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How Out of Office can keep the judge off your case

Photo credit: Team Dalog (Flickr) via Creative Commons license (http://creativecommons.org/licenses/by/2.0/deed.en)

Unless otherwise noted, all instructions and screenshots are from Microsoft Office for Windows.

You know, I love electronic court filing and noticing as much as the next person. Trouble is, now that nearly everyone’s gone electronic, everybody also assumes that everybody else sees everything immediately. But it ain’t necessarily so.

Witness, for example, the pickle one attorney landed in recently. Seems he had a death in the family, followed immediately by a trip to the emergency room to check out his chest pains.

And while all this was going on, the court e-noticed two hearings for his client … which said attorney failed to show up for.

Oops.

In the Age of the Crackberry in which everybody expects you to be endlessly available, it’s important to let email senders know when you’re not reachable by email.  That’s where Outlook’s Out of Office feature comes in handy.

The great part is, it’s ridiculously simple to use:

  • Click Tools on the menu bar in Outlook
  • Choose Out of Office Assistant
  • Type in your message
  • Click the radio button next to “I am currently Out of the Office”
  • Done!

When you come back from vacation or whatever, just go through these same steps again, except this time click the radio button next to “I am currently In the Office.”

Some caveats are in order, though:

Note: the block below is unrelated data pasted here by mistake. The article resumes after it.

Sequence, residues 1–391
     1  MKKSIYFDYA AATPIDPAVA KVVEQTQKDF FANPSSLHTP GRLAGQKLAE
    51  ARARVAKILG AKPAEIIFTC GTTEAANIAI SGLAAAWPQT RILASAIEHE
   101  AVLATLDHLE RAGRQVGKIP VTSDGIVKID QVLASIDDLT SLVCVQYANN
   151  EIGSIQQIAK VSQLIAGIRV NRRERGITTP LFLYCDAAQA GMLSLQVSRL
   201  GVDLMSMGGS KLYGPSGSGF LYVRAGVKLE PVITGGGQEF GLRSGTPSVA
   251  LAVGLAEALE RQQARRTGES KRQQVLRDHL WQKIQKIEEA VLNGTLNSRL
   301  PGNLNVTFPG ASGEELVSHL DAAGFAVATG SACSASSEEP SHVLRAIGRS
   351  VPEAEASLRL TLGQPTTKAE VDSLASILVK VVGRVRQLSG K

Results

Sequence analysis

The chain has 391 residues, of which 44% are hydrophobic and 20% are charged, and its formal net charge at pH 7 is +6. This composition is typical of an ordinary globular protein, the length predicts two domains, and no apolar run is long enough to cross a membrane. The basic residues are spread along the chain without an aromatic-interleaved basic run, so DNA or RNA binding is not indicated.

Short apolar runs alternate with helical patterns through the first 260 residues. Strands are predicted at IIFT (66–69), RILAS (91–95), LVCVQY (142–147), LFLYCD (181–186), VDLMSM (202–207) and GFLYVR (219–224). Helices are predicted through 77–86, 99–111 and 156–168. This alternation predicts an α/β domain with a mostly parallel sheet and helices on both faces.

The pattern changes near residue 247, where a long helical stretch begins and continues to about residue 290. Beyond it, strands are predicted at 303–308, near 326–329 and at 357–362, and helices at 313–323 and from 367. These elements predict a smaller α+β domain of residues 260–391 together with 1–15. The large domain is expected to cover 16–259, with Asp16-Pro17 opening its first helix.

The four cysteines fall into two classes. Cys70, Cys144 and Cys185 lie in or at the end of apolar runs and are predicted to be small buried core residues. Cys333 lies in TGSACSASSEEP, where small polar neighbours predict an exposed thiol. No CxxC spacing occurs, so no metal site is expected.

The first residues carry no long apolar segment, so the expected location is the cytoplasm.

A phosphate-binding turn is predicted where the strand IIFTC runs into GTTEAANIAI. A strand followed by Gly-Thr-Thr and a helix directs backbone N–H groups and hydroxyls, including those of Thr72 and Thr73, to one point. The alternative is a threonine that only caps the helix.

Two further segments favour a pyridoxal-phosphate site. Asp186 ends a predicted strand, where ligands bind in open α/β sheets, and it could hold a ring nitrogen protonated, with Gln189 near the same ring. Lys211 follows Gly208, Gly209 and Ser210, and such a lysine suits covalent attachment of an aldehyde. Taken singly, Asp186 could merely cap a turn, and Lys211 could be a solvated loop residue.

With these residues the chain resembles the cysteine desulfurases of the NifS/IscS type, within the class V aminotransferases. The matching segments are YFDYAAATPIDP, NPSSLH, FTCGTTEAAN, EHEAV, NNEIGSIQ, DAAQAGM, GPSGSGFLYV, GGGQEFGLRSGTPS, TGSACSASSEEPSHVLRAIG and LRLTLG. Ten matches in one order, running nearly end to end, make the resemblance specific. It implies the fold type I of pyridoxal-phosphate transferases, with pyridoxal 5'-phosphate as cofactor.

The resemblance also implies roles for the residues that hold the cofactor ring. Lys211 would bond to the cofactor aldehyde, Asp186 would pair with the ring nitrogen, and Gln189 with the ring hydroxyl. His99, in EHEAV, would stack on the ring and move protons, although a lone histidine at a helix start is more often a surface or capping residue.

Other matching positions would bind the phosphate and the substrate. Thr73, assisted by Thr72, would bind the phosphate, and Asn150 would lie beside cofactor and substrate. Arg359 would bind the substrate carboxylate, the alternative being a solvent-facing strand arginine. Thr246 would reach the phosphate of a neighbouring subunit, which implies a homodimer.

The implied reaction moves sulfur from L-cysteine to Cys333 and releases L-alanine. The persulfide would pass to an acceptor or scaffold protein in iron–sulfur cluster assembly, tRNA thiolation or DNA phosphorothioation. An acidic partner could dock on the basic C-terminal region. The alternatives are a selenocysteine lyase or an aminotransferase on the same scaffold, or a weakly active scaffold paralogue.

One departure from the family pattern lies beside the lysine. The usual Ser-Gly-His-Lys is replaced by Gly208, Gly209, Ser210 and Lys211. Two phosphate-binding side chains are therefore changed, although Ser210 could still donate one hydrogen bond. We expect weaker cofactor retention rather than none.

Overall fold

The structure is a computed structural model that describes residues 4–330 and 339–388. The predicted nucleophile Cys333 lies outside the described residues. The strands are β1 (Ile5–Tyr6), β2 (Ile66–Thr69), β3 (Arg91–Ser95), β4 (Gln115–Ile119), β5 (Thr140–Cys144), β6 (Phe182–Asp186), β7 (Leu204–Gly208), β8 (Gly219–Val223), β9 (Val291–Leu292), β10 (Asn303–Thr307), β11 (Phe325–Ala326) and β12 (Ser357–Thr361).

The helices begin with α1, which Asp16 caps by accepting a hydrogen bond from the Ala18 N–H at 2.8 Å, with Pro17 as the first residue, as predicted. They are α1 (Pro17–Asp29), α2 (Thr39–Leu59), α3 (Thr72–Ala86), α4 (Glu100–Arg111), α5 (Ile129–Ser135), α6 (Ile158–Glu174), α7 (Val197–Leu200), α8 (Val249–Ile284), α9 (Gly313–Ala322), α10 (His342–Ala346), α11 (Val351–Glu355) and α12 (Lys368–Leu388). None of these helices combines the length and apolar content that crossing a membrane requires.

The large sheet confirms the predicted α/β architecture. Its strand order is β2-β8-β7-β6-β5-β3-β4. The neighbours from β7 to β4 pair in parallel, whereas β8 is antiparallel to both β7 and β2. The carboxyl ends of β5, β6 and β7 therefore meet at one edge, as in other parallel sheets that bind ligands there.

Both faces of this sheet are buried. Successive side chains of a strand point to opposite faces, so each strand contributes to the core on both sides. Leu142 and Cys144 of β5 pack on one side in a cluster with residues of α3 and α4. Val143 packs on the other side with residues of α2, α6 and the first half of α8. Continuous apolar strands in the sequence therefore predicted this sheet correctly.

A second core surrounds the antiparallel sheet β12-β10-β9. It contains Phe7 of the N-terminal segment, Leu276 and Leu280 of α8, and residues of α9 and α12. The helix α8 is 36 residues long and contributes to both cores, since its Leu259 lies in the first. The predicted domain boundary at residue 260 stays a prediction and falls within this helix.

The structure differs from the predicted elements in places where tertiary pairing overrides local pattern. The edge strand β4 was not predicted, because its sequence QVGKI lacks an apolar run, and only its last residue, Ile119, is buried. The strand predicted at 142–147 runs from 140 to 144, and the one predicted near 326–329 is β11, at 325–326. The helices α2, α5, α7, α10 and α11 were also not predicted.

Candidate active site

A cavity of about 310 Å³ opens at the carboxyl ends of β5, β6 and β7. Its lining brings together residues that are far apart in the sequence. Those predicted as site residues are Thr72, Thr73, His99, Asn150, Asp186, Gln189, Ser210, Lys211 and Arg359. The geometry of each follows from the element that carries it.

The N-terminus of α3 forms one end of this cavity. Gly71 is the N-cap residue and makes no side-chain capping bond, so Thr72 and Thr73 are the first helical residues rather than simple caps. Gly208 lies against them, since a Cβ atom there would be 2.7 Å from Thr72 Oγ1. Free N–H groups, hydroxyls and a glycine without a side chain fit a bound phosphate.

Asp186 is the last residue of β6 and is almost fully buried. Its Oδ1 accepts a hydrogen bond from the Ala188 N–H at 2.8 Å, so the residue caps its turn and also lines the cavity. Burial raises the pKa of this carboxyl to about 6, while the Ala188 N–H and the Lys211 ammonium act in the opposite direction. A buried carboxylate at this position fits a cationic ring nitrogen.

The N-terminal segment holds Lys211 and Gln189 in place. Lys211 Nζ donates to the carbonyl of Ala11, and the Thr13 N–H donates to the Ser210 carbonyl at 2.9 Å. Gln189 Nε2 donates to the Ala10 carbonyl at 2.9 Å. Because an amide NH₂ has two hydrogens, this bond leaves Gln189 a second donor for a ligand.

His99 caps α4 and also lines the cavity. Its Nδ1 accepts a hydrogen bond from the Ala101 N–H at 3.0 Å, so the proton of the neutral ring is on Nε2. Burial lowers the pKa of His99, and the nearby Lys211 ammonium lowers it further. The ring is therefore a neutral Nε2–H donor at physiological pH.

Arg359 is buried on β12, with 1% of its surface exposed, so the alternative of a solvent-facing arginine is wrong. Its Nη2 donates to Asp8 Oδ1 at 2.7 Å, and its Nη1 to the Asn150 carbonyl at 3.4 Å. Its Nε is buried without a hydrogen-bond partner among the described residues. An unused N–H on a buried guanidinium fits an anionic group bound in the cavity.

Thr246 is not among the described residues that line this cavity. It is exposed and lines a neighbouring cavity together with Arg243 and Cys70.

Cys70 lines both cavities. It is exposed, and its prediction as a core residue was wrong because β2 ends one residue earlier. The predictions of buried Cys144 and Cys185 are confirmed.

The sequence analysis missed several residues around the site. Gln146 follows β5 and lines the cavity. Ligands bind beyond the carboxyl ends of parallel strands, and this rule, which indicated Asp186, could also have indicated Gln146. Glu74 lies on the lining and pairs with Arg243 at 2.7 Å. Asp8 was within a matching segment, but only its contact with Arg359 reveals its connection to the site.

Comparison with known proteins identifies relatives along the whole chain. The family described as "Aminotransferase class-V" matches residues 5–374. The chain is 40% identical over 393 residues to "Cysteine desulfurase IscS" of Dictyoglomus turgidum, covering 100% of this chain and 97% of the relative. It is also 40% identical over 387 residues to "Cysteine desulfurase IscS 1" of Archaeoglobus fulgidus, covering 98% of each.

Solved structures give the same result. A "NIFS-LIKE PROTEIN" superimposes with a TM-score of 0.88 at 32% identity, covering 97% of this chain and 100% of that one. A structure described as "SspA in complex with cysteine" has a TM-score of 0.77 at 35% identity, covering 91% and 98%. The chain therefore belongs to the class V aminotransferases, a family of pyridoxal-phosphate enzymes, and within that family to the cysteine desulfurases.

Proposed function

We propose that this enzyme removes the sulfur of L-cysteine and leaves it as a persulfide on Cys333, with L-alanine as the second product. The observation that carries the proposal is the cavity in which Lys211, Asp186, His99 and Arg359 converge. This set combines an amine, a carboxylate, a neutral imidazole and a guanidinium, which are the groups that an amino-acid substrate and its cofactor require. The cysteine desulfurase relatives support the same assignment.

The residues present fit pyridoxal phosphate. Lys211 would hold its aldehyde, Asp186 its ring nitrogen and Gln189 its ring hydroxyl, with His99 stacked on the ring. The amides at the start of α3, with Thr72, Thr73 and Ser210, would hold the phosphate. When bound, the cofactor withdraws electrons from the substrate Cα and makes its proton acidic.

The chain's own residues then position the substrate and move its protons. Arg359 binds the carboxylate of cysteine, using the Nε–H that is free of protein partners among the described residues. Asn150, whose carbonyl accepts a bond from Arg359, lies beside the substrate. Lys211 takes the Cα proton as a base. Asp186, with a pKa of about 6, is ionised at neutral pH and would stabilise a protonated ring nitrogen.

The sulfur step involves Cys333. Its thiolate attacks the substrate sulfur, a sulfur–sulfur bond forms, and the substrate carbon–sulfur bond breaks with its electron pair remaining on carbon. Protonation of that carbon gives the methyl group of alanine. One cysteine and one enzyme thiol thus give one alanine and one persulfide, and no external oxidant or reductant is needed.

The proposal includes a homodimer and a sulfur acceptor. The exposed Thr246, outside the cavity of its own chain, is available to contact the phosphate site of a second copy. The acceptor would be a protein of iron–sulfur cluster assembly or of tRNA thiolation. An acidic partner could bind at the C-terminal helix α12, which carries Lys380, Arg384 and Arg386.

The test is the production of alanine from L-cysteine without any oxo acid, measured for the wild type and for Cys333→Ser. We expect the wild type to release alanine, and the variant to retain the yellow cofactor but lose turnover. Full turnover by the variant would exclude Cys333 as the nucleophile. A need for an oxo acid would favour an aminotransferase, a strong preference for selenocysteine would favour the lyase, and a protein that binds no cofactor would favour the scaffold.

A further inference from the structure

1. Each sender who emails you during your absence only gets one notice.  If you’re planning on being out an extended period, you may want to take additional measures to ensure everybody knows you’re still out.
  2. Starting with Outlook’s version 2007, your return to the office is greeted by an extremely subtle reminder in the Status Bar that your Out of Office is still on.  So subtle, in fact, you just might miss it. You would do well to put an additional reminder on your calendar to be sure you remember to turn it off.

If you want to go one step further and automatically forward selected emails (say, everything from the uscourts.gov email domain) to a colleague, now would be a good time to learn how to set up Rules and Alerts in Outlook.  (It’s useful for other tasks, too.)

So how do you deal with being Out of Office?  Let us know in the comments below!

Photo credit: Team Dalog (Flickr) via Creative Commons license

by Deborah Savadra

I spend an inordinate amount of my time playing with computers and attempting to explain technology to lawyers and law office staff. It's not always easy, but someone's got to do it.

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